I may be white, but I can wear bindis (and so can you).

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First things first, I am undeniably a stereotypical white girl. I come from the suburbs, I enjoy wearing trackies and I over indulge in caffeine. I am also physically white. That being said, I’m also Indian. My mother is Indian, my DNA is 50% Indian, I am a bona fide Hindu. However, the colour of my skin should not dictate my ability (or yours) to wear a sparkly sticker in the middle of my (your) forehead.

Having read this post by the lovely Anjali Joshi that recently exploded over the tumblrsphere, I was satisfied that the issue of Vanessa Hudgens appearing yet again culturally appreciative had been put to rest. That was until I read the comments on the post. One such comment reads “I don’t think it’s blatant disrespect or anything, but wearing a bindi doesn’t make you a progressive thinker. They know nothing about the significance of them, they just think that their cute.”

But I think, dear commenter, that you’re missing the point. Sparkly plasticy stickery bindis are cute. That is their actual intented purpose. The reason you have never seen a Hindu woman wearing a sparkly bindi on a day to day basis is because you wear them when you dress up, as Vanessa Hudgens did when she went to Coachella, as I will when I go to a festival this year, or as I did when I attended a garba (think Hindu harvest festival party) just this October.

Conversely, wearing a red dot on your forehead has significant religious connotations, which, to be quite frank, I could not begin to explain if I tried. But wearing a sparkly bindi? Well, that to me, and for my Indian-Hindu family at least, is the same as wearing a necklace or a bunch of bangles, and is definitely not the same as wearing a Native American headdress.

Yes, cultural appropriation is wrong. No, I do not represent the opinions of every Hindu. But I do think that bindis are cute, and enjoy wearing them. Maybe you should try one too.

1189698 bars of chocolate?

$1 million is, as of the 7th June, is worth exactly £594849. So after I’ve exchanged it, I’ve barely got £600,000 (how I’d exchange it is a different problem, how much advance notice dyou think you’d need if you wanted it in cash?).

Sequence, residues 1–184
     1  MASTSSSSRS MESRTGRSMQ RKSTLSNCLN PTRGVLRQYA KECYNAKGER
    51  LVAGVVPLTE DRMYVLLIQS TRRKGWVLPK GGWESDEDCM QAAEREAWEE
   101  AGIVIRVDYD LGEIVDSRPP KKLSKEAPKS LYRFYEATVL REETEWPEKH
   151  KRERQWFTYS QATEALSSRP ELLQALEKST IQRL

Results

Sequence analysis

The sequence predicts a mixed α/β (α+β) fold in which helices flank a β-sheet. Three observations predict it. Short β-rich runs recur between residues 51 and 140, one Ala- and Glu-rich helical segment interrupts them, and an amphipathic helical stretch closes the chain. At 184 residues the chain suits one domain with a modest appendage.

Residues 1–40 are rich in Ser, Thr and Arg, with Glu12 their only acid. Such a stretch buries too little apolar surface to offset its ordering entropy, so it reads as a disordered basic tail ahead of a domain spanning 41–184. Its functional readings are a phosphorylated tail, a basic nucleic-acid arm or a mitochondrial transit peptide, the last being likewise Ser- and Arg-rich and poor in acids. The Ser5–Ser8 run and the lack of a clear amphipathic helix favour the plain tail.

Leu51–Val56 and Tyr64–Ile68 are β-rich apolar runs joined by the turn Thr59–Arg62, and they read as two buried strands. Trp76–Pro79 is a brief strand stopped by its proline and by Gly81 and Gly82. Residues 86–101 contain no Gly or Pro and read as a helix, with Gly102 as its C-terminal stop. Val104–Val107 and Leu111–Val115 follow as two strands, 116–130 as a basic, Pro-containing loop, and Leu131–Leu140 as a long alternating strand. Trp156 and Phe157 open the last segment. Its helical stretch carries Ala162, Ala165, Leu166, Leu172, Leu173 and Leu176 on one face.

However, if we’re thinking realistically here, I’d probably blow it on something stupid. Like chocolate bars. And because Dairy Milk bars cost 50p each, I’d buy myself 1189698 chocolate bars..which would probably last me like a month. If that.

http://dailypost.wordpress.com/dp_prompt/gone-with-the-windfall/

Go and make me a sandwich (just not on TV).

 

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The age old phrase has decided to rear its unwanted and somewhat irritating head once again. Following the surge in prime time food programmes worldwide, such as the Great British Menu and the unstoppable force that is the Masterchef brand, more and more award winning chefs are being given their own ‘come look at these dishes you’ll never ever be able to make ever’ shows. However, Rachel Khoo, who you may (or may not know) from the BBC 2 show The Little Paris Kitchen, has slammed broadcasters for not showing enough female chefs on TV, according to the Huffington Post.

She says “As a woman you have to tick all these boxes to be able to be on TV. I know I look a certain way and that’s partly why I’m on TV. If I were really ugly and fat, I don’t think I’d have had the same chance.” Despite the rising number of female chefs en vogue, see Mary Berry and long time fave Nigella, it is undeniable that there just aren’t many female chefs in the public eye.

The aforementioned Great British Menu, for one, does feature both a female judge and female contestants, however, only 1/3 of the regular panel are female, and only 2 of 9 chefs in the semi final were women. Coincidence? Perhaps. Perhaps not.

But as for whether or not image is central to broadcaster’s decisions is still somewhat hazy. Khoo claims that female chefs are subject to scrutiny focused on their body, but to be quite frank, no female TV chefs that I can call to mind are the paradigm of youthful beauty.

Nonetheless, its interesting to see that although women still ‘belong in the kitchen’, they of all people are seemingly neither seen nor heard.